This study offers a biological explanation for why there is strong but not absolute concordance between ADHD and DCD (Rasmussen and Gillberg, 2000). Further research investigating the theory of a synchronized control system is warranted to inform future invention research. Specifically, findings from the current study offer preliminary evidence that interventions targeting visuomotor control networks could have a positive influence on cognitive control processes, and vice-versa. Existing cognitive control intervention studies have demonstrated some promising outcomes in children that extend to benefits in academic performance and intellectual abilities (Shalev et al., 2007; Jaeggi et al., 2011; Cortese et al., 2015). Similarly, visuomotor control-related intervention efforts have been explored in occupational therapy research trials with subjects showing promising improvements in multiple domains including, sensory experiences, academic achievement and motor-coordination abilities (Humphries et al., 1990; Mandich et al., 2001; Polatajko and Cantin, 2005). Furthermore, research using an integrated attention and visuomotor training program has demonstrated pronounced effects on both cognitive and visuomotor domains in children (Anguera et al., 2017) and older adults (Anguera et al., 2013). Collectively, childhood remediation efforts aimed at both cognitive and visuomotor control may have the potential to support a positive developmental trajectory.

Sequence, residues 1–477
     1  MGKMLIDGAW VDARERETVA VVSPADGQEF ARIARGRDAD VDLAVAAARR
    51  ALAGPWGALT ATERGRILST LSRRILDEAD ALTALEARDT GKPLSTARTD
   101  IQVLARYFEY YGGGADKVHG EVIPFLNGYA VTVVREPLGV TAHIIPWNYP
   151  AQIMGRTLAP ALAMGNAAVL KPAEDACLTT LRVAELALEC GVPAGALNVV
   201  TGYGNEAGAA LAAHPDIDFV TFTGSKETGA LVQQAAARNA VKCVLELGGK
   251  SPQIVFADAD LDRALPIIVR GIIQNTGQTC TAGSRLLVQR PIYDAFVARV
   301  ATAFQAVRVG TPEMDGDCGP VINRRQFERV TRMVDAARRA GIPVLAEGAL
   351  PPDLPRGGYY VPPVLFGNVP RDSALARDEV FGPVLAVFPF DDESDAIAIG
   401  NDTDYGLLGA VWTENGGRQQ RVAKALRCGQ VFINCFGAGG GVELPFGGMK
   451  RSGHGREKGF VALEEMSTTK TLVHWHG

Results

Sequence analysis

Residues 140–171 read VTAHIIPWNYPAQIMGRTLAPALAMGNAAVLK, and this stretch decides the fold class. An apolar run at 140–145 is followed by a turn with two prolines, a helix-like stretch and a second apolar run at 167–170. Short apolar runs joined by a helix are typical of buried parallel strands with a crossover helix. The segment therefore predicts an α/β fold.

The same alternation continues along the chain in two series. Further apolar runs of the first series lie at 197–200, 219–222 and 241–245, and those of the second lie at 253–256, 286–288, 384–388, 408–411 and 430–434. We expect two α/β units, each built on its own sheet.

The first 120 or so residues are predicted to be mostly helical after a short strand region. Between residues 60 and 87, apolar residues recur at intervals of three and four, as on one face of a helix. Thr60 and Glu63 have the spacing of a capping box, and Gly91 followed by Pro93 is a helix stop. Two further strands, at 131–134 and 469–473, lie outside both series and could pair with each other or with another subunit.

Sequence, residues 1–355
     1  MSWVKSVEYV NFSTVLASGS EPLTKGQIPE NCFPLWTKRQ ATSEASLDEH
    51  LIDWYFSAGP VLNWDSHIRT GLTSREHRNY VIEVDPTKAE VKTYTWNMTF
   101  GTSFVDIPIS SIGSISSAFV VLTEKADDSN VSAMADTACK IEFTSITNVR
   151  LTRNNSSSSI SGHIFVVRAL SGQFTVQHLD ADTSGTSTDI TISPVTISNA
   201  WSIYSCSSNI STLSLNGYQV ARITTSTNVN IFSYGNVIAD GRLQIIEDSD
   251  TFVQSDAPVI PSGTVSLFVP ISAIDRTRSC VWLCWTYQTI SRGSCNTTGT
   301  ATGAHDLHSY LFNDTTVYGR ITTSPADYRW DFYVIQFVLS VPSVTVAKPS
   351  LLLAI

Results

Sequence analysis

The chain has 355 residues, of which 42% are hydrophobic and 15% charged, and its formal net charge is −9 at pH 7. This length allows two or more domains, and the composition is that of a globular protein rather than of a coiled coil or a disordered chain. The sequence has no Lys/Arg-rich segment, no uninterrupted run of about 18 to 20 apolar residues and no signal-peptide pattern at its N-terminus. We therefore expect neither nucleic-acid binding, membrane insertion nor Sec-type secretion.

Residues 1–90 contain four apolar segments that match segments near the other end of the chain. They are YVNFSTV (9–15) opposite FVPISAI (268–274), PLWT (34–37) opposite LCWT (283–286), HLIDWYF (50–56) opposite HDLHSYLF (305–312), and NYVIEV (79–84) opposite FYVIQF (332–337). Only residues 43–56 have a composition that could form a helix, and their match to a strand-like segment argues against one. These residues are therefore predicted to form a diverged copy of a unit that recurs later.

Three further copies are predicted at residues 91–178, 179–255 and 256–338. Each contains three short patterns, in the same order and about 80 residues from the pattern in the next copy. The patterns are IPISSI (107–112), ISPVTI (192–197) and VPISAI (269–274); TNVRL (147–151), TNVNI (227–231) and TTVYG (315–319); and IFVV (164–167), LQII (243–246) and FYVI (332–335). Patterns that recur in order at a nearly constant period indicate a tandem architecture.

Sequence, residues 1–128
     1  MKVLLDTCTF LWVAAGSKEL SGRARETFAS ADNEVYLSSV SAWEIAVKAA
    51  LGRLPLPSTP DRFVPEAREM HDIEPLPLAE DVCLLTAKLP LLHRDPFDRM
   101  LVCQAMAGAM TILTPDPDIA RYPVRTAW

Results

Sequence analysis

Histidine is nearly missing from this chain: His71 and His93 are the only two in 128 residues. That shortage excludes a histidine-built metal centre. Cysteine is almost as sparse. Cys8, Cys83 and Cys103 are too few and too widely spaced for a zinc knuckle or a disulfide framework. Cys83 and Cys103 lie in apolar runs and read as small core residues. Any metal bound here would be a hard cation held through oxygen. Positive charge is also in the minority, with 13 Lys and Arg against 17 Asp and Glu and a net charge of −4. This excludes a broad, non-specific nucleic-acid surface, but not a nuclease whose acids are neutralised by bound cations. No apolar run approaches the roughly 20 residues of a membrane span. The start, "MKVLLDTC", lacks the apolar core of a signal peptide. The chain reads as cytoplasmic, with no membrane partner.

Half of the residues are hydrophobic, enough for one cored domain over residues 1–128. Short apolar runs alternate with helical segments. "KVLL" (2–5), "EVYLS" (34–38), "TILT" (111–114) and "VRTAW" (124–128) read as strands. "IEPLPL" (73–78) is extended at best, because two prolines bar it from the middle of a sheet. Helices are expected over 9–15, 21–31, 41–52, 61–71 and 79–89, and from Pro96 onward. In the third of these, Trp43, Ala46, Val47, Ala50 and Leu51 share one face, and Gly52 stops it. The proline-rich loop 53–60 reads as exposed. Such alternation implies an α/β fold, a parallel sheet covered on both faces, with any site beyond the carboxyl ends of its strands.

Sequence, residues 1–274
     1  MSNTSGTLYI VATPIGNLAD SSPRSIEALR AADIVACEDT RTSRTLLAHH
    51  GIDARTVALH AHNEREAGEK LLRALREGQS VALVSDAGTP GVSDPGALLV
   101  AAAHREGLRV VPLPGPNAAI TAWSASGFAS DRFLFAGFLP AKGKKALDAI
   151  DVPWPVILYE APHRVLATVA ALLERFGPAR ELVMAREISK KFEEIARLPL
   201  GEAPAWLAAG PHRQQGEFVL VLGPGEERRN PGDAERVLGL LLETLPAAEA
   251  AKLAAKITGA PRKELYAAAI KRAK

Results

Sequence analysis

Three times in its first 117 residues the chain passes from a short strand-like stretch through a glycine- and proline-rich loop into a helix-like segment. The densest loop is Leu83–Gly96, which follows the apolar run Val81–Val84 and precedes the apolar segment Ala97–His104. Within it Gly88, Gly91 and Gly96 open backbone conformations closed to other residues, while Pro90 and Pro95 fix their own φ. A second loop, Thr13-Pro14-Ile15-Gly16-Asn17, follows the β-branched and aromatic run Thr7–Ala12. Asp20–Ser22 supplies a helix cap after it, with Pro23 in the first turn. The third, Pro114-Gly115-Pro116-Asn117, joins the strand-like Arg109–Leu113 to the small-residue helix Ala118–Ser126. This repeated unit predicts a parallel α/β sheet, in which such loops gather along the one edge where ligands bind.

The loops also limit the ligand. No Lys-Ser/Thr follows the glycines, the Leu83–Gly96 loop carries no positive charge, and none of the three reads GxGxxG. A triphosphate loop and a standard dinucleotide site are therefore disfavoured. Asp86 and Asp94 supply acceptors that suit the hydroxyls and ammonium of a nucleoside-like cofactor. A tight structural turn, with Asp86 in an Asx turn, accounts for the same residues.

Limitations

While these findings offer new information to the literature, there are several limitations to this study that merit further investigation. First, we are limited by our relatively small sample size. This study would benefit by increasing our sample of children with SPD given that we could conduct regressions within each group instead of across groups which would minimize the group heterogeneity. Furthermore, many of these interpretations would be better supported following the use of temporally-locked functional neuroimaging research (e.g., EEG or fNIRS) to directly test these claims. Finally, current efforts are limited by lack of ecological validity and would be improved by including classroom-based measures of correlates of cognitive and visuomotor control (i.e., teacher reports, academic scores). Bridging this research from the lab to a school-based environment is a critical next step to inform intervention methods and benefits.

Conclusion

In summary, the current study demonstrates behavioral overlap of cognitive and visuomotor control across children with and without sensory process dysfunction. Further, the outcomes from these results support a proposed set of common neural white matter tracts which explain the strong but not complete concordance between cognitive and visuomotor control. This work emphasizes the importance of assessing children with neurodevelopmental disorders with these overlapping control abilities in mind rather than treating diagnostic labels as standalone conditions.

Author Contributions

AB-A contributed to the data curation, formal analysis, and writing of the manuscript. JA contributed to the study conceptualization, data curation, methodology, and writing of the manuscript. Y-SC contributed to the methodology and data processing. CD contributed to the analysis and writing of the manuscript. JO contributed to the data processing, visualization, and supervision of analysis. AG contributed to study conceptualization and methodology. PM contributed to the study conceptualization and study supervision. EM contributed to the study conceptualization, investigation, funding acquisition and writing of the manuscript.